5
$\begingroup$

I have some doubts on inverted U manometer.

In the picture there is one U inverted manometer, the space above the liquid in the manometer is filled with air which can be admitted or expelled through the tap on the top, in order to adjust the level of the liquid in the manometer.

In this link the inverted manometer is described considering that the pressures at surface passing through $X$ and $X'$ is the same. For the situation I want to describe I added a tube at the bottom with fluid which is moving.

enter image description here

I have two main questions.


$1.$ Why the isobaric surface chosen is the one passing through $X$ and $X'$ and not the one passing through $Y$ and $Y'$?

As far as I can see there is no reason why I cannot say that the pressure is the same on the surface passing through the red line ($Y$ and $Y'$). Is this possibly correct?

It should not because it leads to wrong conclusions (as $p_2>p_1$) but still $Y$ and $Y'$ are at the same height and the fluid considered is the same. I do not see anything different from a normal U tube manometer (instead of reversed) like the one in the picture, where the surface considered is the one passing through 1 and 2.

enter image description here


$2.$ The valve in the picture is open, what happens if I close that valve on the top? Does something change?

In particular I was thinking that maybe if I let the valve open I do not have to take in account the weight of air in the manometer, while if I close the valve then I have to. But in the link I posted the valve is open and the weight of air is still taken into account, so probably that's not the point.

Any help is really appreciated.

$\endgroup$
  • $\begingroup$ why should the pressure be the same at y and y', is it your believe that presuure depends only on height? $\endgroup$ – user83548 Jun 5 '16 at 19:16
  • $\begingroup$ en.wikipedia.org/wiki/Bernoulli%27s_principle $\endgroup$ – user83548 Jun 5 '16 at 19:17
0
$\begingroup$

1. Why the isobaric surface chosen is the one passing through $X$ and $X′$ and not the one passing through $Y$ and $Y′$?

If you look at this passage from your link

Equating the pressure at the level XX'(pressure at the same level in a continuous body of static fluid is equal)

In your example you would not regard a static fluid since there is a flow underneath the tube. Therefore the assumption that the pressure in $Y$ and $Y'$ is equal does not hold.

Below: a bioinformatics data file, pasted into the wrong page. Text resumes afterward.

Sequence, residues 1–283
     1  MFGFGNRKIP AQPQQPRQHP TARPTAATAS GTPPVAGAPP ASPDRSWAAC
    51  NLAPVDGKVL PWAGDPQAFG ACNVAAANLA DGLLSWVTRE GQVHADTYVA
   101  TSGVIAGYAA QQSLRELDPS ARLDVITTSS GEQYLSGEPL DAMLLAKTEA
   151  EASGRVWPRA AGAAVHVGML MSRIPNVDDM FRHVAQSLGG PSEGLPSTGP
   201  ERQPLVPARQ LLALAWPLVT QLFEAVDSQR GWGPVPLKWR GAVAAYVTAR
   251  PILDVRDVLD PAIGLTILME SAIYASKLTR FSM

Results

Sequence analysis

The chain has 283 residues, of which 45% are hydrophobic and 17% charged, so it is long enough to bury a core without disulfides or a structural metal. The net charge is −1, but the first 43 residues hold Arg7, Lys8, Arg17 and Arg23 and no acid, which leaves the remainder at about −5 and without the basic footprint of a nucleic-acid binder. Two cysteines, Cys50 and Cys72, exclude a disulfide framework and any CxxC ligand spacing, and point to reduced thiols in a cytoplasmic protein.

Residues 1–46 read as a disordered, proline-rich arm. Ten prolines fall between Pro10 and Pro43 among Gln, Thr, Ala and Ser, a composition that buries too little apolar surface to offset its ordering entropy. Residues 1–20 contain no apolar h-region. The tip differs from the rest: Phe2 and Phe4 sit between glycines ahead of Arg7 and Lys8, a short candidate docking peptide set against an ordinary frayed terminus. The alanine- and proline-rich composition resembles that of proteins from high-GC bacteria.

So you have to look at your manometric fluid and find $X$ and $X′$ as suiteable points to state that they have the same pressure.

To repeat and clarify, the difference between this setup and your example is again that the example regards static fluid bodies.

2. The valve in the picture is open, what happens if I close that valve on the top? Does something change?

First of all the weight of the air does not vanish simply because the container is open towards the environment.

Someone might correct me or add to it now but from what I see I'd say the valve is for calibration purposes only. You can shift the fluid level in the limbs via this valve. For the pressure difference itself it will have no effect.

$\endgroup$
0
$\begingroup$

There is a difference between the two images shown, and the 1st is analysed wrong.

The fluids are reversed, in 1st case air is at the top and liquid is at the bottom, but then they switch position for the 2nd image. In air, pressure is constant across the U manifold because it's very light (the weight of air shouldn't really be taken into account). In the liquid, the pressure varies with height because it is much more dense.

The equations in the mediums are different, so they yield different results: $1-2$ is isobaric, but $X-X'$ isn't.

  1. Why the isobaric surface chosen is the one passing through XX and X′X′ and not the one passing through YY and Y′Y′?

The pressure is the same in all connected air in the tube, so pressure is the same in $X$, $X'$ (which is useless) and $Y'$.

This makes sense because you get that $P_X>P_Y$ and you know how much. This means speed is higher in the moving fluid at (1) (slow fluid) than at (2) (fast fluid). This nets you the speed difference.

  1. The valve in the picture is open, what happens if I close that valve on the top? Does something change?

Nothing will change. If the valve is open, then air in the tube is at the same pressure as the air outside. Note that there is no flow, nor speed nor anything dynamic happening at the the valve. Therefore if you close it, the air in the tube is still at the same ambient pressure.

This analysis may change if the main fluid is at standstill before the experiment, or before opening-closing the valve, but I don't think that was your question.

$\endgroup$

Your Answer

By clicking “Post Your Answer”, you agree to our terms of service, privacy policy and cookie policy

Not the answer you're looking for? Browse other questions tagged or ask your own question.